SN: I believe it is important for investors to become actively involved in the businesses they support, which is why I started the coaching program. Through this program, investors can volunteer consulting services to the businesses they invest in. The coaching program enables connections to facilitate the exchange of knowledge between the local entrepreneurs and business professionals across the globe. Most economic development programs focus on providing access to capital but this is not enough to help the entrepreneurs face their challenges such as lack of vision and experience, inadequate technical and managerial skills. We hope to bring a community of volunteers' development consultants to collaborate with our local SMEs [small and medium-sized enterprises], learn from each other, and build successful businesses that will become a major source of job creations.
RM: What challenges does your organization face?
SN: Invest Africa is a very young organization and needs to raise awareness and build a large pool of online investors. Funding is a major challenge since the organization is entirely volunteer-run. The organization was self-funded and would need external funding in order to grow and scale our operations. Our legal status (Invest Africa is a for-profit benefit corporation) allows us to seek capital investment. We plan to create a linked non-profit in order to be eligible to grants and tax-deductible donations. This hybrid structure would help us fulfill our social mission by accessing various funding sources.
RM: What development, event, or new understanding since you started has had the most impact on your original plan? How has your plan changed in response?
SN: At first, the objective was that each online investor who made a micro-investment on the website would receive back its original investment plus a financial return at the end of the investment term. But an amendment to the JOBS Act in April stipulated that the SEC regulation did not allow us to do that, so we implemented a rewards platform offering a large selection of rewards from electronics to events or travel tickets. Now, when the entrepreneurs repay, the online investors receive back their original investment plus points corresponding to the financial return on their investment. As such, investors can reinvest their social profits with another entrepreneur or trade them in to buy rewards on our platform. Another new development is the creation of an affiliate marketing program. On our "IA Shop" page, we display links of socially-responsible merchants, especially those selling African-related products, and Invest Africa – as an affiliate – receives a sales commission for each sale made on our website. This program is an opportunity to promote these businesses while adding a source of income for Invest Africa.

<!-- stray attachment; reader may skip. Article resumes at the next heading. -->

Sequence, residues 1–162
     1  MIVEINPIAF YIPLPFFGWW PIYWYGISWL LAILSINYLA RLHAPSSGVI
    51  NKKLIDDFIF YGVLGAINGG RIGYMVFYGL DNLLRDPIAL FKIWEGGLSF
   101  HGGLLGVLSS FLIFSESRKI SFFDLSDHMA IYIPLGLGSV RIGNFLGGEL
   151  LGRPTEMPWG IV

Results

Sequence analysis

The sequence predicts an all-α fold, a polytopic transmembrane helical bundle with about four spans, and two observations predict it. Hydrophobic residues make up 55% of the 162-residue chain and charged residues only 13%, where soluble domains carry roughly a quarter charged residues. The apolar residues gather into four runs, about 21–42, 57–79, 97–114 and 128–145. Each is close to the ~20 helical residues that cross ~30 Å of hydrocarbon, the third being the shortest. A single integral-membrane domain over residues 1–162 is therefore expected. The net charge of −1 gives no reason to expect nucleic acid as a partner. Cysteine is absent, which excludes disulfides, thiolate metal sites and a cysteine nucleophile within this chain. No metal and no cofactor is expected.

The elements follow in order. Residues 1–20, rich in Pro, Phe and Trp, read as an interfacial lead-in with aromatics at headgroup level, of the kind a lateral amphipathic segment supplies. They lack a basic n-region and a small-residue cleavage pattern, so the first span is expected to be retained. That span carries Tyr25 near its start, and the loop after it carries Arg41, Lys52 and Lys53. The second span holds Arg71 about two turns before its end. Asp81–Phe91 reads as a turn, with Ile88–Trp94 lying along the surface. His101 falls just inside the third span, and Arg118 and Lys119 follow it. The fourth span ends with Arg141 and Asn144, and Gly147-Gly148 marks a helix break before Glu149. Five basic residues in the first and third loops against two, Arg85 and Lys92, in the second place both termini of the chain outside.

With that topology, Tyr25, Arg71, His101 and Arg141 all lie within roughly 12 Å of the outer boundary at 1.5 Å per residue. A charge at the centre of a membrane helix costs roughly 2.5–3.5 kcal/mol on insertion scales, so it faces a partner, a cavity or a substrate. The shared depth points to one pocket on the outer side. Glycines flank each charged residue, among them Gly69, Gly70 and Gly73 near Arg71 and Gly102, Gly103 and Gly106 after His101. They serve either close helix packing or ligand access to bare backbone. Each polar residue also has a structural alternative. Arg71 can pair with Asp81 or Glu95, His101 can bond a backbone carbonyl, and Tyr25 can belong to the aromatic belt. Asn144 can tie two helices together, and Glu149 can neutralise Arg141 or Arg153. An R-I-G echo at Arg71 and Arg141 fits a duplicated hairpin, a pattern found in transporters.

RM: Is this your first company? What have you learned in starting this organization?
SN: I have learned that it is very important to do something you are passionate about because starting an organization can consume much of your life, especially with a volunteer-run organization like Invest Africa where we are all juggling our full-time jobs, Invest Africa, and our personal and social lives. I realized it is very helpful to receive advice from people who had similar experiences and I hope I will have the opportunities to network with women entrepreneurs and/or microfinance professionals. I also learnt that strategic partnerships are key and… I hope we will be able to establish partnerships with other organizations, corporations, institutions and media.
Learn more about us, our sponsors, and entrepreneurs by visiting our website at www.invest-africa.org
You can stay connected to Invest Africa by…
Public Relations Manager of the US,